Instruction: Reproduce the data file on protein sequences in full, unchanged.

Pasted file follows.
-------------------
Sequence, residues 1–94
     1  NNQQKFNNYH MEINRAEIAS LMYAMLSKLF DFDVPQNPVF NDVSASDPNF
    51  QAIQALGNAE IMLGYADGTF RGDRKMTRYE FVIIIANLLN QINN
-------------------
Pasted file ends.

Sequence, residues 1–94
     1  NNQQKFNNYH MEINRAEIAS LMYAMLSKLF DFDVPQNPVF NDVSASDPNF
    51  QAIQALGNAE IMLGYADGTF RGDRKMTRYE FVIIIANLLN QINN